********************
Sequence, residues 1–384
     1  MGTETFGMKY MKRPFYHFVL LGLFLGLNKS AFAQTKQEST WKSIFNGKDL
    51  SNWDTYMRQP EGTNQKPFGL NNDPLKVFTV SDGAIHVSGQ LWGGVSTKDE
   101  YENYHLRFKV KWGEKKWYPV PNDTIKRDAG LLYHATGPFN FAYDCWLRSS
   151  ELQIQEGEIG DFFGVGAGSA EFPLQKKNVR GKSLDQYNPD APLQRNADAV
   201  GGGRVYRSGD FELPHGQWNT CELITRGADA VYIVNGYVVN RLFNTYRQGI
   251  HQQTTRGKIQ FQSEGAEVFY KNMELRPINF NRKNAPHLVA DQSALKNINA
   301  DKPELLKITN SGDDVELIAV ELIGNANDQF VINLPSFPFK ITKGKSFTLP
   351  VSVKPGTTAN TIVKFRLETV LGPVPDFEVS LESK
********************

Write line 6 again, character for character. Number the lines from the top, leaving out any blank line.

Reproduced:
   201  GGGRVYRSGD FELPHGQWNT CELITRGADA VYIVNGYVVN RLFNTYRQGI